Academic journal article McNair Papers

6. Decision Aids for Theater Strategy

Academic journal article McNair Papers

6. Decision Aids for Theater Strategy

Article excerpt

   With many calculations one can win; with few, one may not.
   How much less the chances for victory for one who makes
   none at all.

   Sun Tzu, The Art of War

The Regional Security Strategy Implementation Analysis (RSSIA) is one of the analytical tools that strategists use to evaluate key socioeconomic and stability indicators, examine conditions that make significant impact on a region, and see the effect that resources can have on its future growth. It is one tool that helps to maintain some degree of objectivity during the design of strategy, plans, and exercises and has strong potential to assist with interagency planning efforts. (1)

RSSIA began as an effort to assess the effectiveness of Southern Command Regional Strategy. It allowed strategic planners to compare the relative levels of political stability and socioeconomic potential throughout the region over time. It helps to identify the region's needs for long-term programmed resources and short-term immediate support requirements. RSSIA gathers subjective and objective information into data fields. This results in spread sheets that reflect where nations are in comparison to other nations within the region.

RSSIA METHOD

Once RSSIA provides a survey of the region and develops the appropriate indicators, the model then displays the relative positions of countries in the region. By adding and changing input factors the analyst can compare nations' responses to economic and political stimuli. The intent of the model was to create a tool that would allow the two factors (political stability and economic potential) to be placed with each other graphically on two axes, with the variable factors plotted on the existing graphic plane. Figure 13 shows an example of the spread sheet's final plot.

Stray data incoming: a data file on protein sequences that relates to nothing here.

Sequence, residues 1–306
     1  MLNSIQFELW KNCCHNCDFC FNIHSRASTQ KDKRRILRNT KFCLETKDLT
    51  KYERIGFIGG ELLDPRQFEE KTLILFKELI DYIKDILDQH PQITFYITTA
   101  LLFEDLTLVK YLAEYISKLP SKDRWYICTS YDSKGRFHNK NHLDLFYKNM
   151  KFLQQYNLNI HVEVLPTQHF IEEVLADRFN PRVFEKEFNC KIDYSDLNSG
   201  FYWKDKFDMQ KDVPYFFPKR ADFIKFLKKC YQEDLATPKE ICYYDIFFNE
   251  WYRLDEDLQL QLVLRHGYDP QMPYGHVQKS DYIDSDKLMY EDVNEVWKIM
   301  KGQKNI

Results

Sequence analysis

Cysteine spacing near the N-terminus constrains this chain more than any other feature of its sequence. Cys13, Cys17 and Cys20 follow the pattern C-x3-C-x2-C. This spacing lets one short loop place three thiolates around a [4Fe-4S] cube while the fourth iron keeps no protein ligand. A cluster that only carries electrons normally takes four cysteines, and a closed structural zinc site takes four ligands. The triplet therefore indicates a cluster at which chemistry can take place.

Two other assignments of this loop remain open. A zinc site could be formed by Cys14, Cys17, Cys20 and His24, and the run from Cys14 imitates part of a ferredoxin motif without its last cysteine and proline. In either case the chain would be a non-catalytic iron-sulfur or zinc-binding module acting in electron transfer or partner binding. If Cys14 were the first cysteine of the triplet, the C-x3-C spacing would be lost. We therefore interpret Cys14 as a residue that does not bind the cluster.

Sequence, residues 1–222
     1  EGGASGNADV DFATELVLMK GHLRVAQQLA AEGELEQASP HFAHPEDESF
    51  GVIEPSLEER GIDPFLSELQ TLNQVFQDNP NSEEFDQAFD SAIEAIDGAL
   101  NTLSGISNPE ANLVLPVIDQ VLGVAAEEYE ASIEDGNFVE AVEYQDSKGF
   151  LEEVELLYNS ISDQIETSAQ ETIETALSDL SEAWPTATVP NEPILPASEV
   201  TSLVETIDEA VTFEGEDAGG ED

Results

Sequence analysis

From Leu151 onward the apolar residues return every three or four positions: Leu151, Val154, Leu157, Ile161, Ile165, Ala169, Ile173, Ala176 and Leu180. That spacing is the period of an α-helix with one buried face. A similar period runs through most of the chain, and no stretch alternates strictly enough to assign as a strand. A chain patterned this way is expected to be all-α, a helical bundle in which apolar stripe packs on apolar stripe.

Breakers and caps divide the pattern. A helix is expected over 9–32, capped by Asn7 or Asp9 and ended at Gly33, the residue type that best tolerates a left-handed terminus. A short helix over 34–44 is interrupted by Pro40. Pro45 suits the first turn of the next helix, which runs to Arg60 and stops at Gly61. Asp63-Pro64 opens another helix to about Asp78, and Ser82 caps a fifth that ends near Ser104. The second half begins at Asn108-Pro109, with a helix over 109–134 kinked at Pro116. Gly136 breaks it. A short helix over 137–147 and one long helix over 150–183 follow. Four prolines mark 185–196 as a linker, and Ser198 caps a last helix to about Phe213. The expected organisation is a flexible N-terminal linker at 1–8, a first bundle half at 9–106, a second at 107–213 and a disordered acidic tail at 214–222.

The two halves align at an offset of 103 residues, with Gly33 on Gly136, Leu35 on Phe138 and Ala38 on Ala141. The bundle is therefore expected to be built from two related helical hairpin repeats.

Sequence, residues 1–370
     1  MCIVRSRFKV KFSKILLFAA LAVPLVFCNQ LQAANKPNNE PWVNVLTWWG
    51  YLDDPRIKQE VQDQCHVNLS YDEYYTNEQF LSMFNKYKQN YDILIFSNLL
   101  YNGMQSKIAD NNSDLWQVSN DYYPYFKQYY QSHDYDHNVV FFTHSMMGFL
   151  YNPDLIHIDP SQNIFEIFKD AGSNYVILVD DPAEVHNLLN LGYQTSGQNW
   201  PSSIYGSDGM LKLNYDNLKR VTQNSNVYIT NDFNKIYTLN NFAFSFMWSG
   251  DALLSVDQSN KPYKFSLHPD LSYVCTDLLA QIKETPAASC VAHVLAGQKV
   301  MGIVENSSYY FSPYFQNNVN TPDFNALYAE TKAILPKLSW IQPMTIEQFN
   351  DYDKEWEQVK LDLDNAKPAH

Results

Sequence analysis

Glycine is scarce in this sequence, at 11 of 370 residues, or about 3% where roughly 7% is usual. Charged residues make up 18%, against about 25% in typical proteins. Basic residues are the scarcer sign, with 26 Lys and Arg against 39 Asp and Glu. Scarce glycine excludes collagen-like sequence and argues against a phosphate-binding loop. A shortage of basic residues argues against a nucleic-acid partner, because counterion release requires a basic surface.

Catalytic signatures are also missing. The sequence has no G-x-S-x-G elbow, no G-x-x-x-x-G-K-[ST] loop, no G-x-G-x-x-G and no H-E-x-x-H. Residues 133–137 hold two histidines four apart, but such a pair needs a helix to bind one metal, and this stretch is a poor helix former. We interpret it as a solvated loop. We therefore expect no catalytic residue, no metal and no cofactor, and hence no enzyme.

[FIGURE 13 OMITTED]

A Regional Analysis Support Package (RASP) is available to help organize the concepts and data that planners use in RSSIA. It provides four sets of interrelated data bases:

* An events database that tracks significant political, military and economic events

* A subject matter expert database that stores survey data

* A theory database that stores existing theory from many disciplines

* A statistical database that holds data over time. RASP allows the strategist to reassess RSSIA analysis based on new data and tailor information (text, lists, graphs) to the needs of the decisionmaker. 2 The various data bases contribute to the factors that the RSSIA model analyses.

THE FACTORS

To arrive at a plot like the example in figure 13, 28 factors are currently used; as the model continues to mature, additional factors are added. Following are some major factors currently used in the RSSIA model:

Communications infrastructure. Number of telephones per capita is used because it directly reflects internal communications. Also, programmers are building into the system the ability to capture cellular systems, satellite usage, and international courier data. The ability of industry in developing nations to communicate internationally is used for analysis.

Transportation infrastructure. Kilometers of rail, highways, and waterways are totaled and entered into the model. This factor reflects the ease of internal movement, but does not directly reflect the capacity of the infrastructure to support a nation's economic strategy. Potential refinements that can be introduced into this factor include freight costs from secondary cities and interior cities, tonnage of traffic per border point and anchorage. Important aspects are how well the host nation is maintaining its transportation network, the age and materials of roadbeds, and the appropriateness of the infrastructure to support nascent industries.

Access to energy. This factor includes kilowatt hours per capita's consumption, direct measurement of price per kilowatt hour for industry, number of hours of interrupted power in major industrial areas, and the number of major producers who rely primarily on private sources of power. …

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